• The Parishes of Holy Cross and Blessed Sacrament
  • The Parishes of Holy Cross and Blessed Sacrament
  • The Parishes of Holy Cross and Blessed Sacrament
  • The Parishes of Holy Cross and Blessed Sacrament
  • The Parishes of Holy Cross and Blessed Sacrament
  • The Parishes of Holy Cross and Blessed Sacrament
  • The Parishes of Holy Cross and Blessed Sacrament

Mass Times

Saturday Vigil
4:00pmHoly Cross
5:30pmBlessed Sacrament

Sunday
8:00amHoly Cross
9:30amBlessed Sacrament
11:00amHoly Cross

Daily Mass
Mon, Wed, Fri: 8:00amHoly Cross
Tues,Thurs: 7:30amBlessed Sacrament

Reconciliation

Saturdays
Holy Cross
3:00pm to 3:45pm

Blessed Sacrament
3:15pm to 3:45pm

Outreach Services

ServicePhone
AA Helpline1-800-640-7545
Al-Anon1-800-339-9006
Birthright of Scranton570-961-1133
National Hotline For Abortion Recovery1-866-482+5433
Rachel’s Vineyard Post Abortive Healing1-877-467-3463
PA 24 Hour Child Abuse Hot Line1-800-932-0313

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TWENTY-SEVENTH SUNDAY IN ORDINARY TIME CYCLE B

First Reading: Genesis 2: 8-24 God creates woman from Adam’s rib.

Responsorial Psalm: Psalm 128:1-2, 3, 4-5, 6 A prayer for God’s blessing.

Second Reading: Hebrews 2:9-11 Christ was made perfect through suffering so that we might all be consecrated.

Gospel Reading: Mark 10:2-16 Jesus teaches against divorce and welcomes the children.

Background on the Gospel Reading

Today we continue to read from the Gospel according to Mark. For the past three Sundays, we have been hearing Mark’s reports of conversation between Jesus and his disciples. Recall that in Mark’s Gospel, Jesus uses these private moments to teach his disciples in greater detail about the Kingdom of God. Beginning with today’s Gospel, Jesus returns to Judea, Jewish territory and resumes his public ministry. The first verse of Chapter 10 of Mark’s Gospel tells us that crowds gathered around Jesus, and he taught them, as was his custom. Immediately, the Pharisees approach Jesus to test him.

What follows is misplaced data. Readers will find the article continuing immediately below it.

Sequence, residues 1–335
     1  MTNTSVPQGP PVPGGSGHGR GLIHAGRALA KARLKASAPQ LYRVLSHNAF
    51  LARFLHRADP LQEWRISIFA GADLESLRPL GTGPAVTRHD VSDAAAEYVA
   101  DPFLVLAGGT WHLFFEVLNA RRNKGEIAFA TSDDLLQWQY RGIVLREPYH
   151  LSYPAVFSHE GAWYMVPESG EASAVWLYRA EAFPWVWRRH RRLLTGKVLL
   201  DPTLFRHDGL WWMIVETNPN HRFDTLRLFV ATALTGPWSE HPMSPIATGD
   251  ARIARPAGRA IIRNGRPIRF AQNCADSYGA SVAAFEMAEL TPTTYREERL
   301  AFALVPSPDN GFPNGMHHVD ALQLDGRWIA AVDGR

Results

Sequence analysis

The Pharisees question Jesus about the lawfulness of divorce. Under specific conditions, divorce was an accepted practice among the Jewish people during the time of Jesus. It was regulated by the Law of Moses, as found in Deuteronomy 24:1-5. This law only permits that a husband may divorce his wife if he finds her to be indecent. This is the justification that the Pharisees reference when Jesus inquires about the commandment of Moses. In reply, Jesus quotes from the Book of Genesis and counters that God’s original intention was that men and women would become one flesh in marriage. Jesus describes the teaching of Moses as a concession made to God’s original intention because of human stubbornness.

At first glance, the final part of today’s Gospel seems unconnected to the previous teaching about divorce. When read together, however, these passages present a strong picture of Jesus’ emphasis on the importance of family. God intended for women and men to be joined together in marriage. Among the purposes of marriage is the raising of children. By welcoming children and fostering their relationship with God, parents and families bear witness to the Kingdom of God.

At the end of today’s Gospel, the people were bringing their children to Jesus, and again Jesus’ disciples show that they just don’t get it. Recall that in the Gospel for each of the past two Sundays, Jesus has taught his disciples the value and importance of these “little ones” in the Kingdom of God. Yet in today’s Gospel, the disciples try to prevent people from bringing their children to Jesus. Jesus reprimands his disciples and welcomes these children. Again Jesus offers these children as an example of the kind of complete trust and dependence upon God that ought to be the attitude of all believers.